Pfefer’s reply was quick and to the point. There was no room in his ensemble. Only slightly deterred, Adkisson appealed once more. On March 27, he wrote that he hoped Pfefer would keep him in mind even if he couldn’t use him at the moment.
“I would like to repeat that I am very anxious to come with you for the simple reason that Mr. McLemore, whose judgment I trust completely, says that I can learn more under you in a year than I would learn five years anywhere else in the country,” he said. “P.S. I had a match with Tommy last night, and I must say he is one of the best that I have ever worked with.”
Adkisson continued to work in Dallas and nearby Fort Worth, with occasional bouts in Corpus Christi, where he visited his parents, and San Antonio, where Bob Kline was running opposition to an established NWA promotion. Still, records show he had only about 26 matches in his first 11 months as a pro. The enjoyment was there. The money was not.
Pfefer tossed Adkisson a life preserver in June 1953. Tony Santos was promoting in New England against the well-established office run for three decades by Paul Bowser. Pfefer worked closely with the independent-minded Santos, who agreed to give a shot to an unproven southerner in a northern city.
Adkisson’s SMU football ties meant nothing in Santos strongholds such as Hull, Massachusetts, and Nashua, New Hampshire. So Santos concocted a new identity and a new in-ring attitude for the big, blond-haired Adkisson.
“I have been working as Fritz Von Eric, the German Giant from Munich, Germany,” Adkisson wrote McLemore on stationery from a Boston hotel. “Santos has put me over continuously with the exception of a couple of disqualifications. All but two or three matches have been main events.”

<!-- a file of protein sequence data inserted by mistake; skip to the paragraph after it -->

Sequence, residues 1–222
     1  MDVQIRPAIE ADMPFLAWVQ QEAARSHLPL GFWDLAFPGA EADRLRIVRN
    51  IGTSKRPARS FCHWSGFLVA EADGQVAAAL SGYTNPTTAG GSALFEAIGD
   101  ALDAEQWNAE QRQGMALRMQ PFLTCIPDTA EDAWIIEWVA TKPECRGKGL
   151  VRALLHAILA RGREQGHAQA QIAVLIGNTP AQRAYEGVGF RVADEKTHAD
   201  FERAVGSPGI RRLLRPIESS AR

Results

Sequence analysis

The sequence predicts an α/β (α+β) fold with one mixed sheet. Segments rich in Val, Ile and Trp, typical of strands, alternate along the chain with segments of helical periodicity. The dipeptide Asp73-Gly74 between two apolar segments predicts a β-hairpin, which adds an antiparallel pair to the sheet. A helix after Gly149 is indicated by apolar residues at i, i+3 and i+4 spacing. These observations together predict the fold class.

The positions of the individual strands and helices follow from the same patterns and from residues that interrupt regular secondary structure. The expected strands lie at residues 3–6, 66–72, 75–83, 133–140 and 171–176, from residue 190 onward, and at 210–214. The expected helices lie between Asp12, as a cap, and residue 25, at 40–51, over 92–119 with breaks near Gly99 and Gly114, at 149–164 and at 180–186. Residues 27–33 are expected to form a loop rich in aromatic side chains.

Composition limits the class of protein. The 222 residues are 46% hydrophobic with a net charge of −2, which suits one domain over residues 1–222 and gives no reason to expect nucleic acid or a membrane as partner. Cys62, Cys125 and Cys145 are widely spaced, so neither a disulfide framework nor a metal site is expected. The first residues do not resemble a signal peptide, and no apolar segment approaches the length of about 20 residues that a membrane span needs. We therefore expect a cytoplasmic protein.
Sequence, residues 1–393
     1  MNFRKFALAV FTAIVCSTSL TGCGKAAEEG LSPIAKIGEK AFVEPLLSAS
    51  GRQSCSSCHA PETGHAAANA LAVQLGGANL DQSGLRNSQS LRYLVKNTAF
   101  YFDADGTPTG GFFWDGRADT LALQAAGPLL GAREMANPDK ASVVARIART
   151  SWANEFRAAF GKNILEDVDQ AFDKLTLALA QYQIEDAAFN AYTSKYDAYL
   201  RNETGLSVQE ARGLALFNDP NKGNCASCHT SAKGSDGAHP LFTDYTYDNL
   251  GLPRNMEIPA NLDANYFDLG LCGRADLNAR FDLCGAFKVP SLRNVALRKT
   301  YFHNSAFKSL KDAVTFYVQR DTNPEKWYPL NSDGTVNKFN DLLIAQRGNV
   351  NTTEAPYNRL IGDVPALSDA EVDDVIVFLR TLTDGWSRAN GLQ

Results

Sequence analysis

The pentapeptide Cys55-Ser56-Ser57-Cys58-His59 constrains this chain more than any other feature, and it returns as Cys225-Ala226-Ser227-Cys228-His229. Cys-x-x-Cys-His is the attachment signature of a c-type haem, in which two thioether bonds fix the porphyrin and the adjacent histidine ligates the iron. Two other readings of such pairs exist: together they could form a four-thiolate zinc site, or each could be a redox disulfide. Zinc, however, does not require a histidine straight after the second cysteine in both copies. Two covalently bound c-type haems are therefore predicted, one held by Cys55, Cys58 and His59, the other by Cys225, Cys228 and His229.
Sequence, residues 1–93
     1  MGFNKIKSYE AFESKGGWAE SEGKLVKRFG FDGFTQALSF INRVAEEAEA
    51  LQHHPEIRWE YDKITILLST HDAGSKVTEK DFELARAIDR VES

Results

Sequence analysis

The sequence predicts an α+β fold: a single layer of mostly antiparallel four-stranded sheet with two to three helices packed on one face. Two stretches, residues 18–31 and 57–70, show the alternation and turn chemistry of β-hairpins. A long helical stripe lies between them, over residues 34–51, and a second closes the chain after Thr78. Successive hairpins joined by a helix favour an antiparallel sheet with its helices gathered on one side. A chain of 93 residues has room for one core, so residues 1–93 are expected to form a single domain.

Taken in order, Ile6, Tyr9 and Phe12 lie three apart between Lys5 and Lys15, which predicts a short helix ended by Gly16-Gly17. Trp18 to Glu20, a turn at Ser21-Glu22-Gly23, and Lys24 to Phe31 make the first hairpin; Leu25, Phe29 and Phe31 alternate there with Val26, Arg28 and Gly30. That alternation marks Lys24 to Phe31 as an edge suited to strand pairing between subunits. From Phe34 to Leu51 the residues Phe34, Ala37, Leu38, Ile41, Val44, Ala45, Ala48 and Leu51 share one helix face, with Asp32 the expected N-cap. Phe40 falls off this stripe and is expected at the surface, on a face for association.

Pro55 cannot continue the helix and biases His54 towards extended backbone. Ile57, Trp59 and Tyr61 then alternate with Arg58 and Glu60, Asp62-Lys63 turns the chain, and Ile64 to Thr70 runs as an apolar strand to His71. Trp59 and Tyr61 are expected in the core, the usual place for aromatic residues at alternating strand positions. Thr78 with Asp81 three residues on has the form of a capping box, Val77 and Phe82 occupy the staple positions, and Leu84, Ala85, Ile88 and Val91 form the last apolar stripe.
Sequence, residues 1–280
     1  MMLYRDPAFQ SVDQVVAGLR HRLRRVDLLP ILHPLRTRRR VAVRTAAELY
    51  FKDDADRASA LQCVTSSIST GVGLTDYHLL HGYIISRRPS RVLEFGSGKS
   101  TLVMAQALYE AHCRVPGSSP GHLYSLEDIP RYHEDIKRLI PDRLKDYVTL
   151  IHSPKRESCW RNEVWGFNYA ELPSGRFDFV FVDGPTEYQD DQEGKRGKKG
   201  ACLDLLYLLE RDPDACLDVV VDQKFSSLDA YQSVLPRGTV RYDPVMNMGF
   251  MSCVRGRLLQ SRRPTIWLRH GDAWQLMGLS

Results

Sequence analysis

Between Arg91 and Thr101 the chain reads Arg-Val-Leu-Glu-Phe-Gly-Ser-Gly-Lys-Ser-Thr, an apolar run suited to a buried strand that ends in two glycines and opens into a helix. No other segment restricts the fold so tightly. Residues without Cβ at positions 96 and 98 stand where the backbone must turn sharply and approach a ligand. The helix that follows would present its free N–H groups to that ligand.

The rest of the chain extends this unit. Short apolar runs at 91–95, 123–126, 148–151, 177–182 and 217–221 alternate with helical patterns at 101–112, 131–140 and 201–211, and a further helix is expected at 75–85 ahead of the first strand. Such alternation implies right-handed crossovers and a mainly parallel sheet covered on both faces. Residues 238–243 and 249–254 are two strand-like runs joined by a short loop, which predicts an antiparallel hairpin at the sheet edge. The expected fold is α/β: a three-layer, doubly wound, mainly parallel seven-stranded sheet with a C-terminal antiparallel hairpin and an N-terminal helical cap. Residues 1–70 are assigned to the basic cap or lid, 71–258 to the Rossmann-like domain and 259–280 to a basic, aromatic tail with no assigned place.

It’s unclear how Santos or Pfefer settled on the Von Erich name. Adkisson told a reporter years later that it came from his mother’s side of the family, but there are no Von Erichs in the family tree of Coren Vessie Newberry Adkisson.
More to the point, Adkisson found that being bad was good business. Against challengers such as Tommy Griffin and Chief Little Bear, he relished playing a villain instead of a local, good-guy football celeb.
“It seems I have gone over exceptionally well with the crowds as a heel, and once or twice I have had to literally fight my way to the dressing rooms.” One night in Revere, Massachusetts, Von Erich reported the crowd practically trampled Santos as he tried to keep baying fans from attacking his new heavy. “That was one night my heart was in my throat. I couldn’t have felt more helpless in a cage of wildcats,” Adkisson said.
Though he was new to the business, Adkisson felt strongly, though mistakenly, that the success of independent and opposition promotions would sound the death knell for the five-year-old NWA. Santos had the northeast locked up, he declared.
“From all indications Bowser doesn’t stand a chance up here any longer. … It seems to me that it is no longer a possibility but a probability that the alliance will lose control before too long. Just a few more breaks, I believe, will do the trick.” Von Erich’s thinking was wishful; the NWA remained the lead combine of wrestling and he pushed his son Kerry to its world title in 1984.
Once again, the enjoyment was there. The money was not. As part of Adkisson’s four-month run, Santos sent him to Montreal where he starred in 2-on-1 and 3-on-1 handicap matches for the first time. But even in his best month, Adkisson earned only an average of $142 a week. In a letter to McLemore, he was frank. He needed more and wrestling was not giving it to him.
“I am not saving anything to speak of, and if a guy can’t save some money in this business, what’s the use in staying? I have got to put away some money [emphasis his], if for no other reason than to pay for another baby that is due in Feb. ’54. Not only that but you can never tell when you are likely to get hurt and be unable to earn a living at all.”
Adkisson’s reference to a child expected in early 1954 is an unknown matter and not addressed in other writings in the Notre Dame collection. His second oldest and lone surviving son, Kevin Ross Adkisson, was born in May 1957.
In any event, Adkisson felt squeezed. As he put it, “Santos is paying me as well as anyone up here. I will have to admit that, but with the conditions as they are, it just isn’t enough for me to get by on and still put some away.” With some hesitancy, he sought McLemore’s permission to contact rival NWA promoter Morris Sigel in Houston for a return to Texas. “I plan to come home, if possible, for a couple of weeks before going anywhere else, after I leave up here. Can you use me while I am there?” he asked “Mr. Mac.”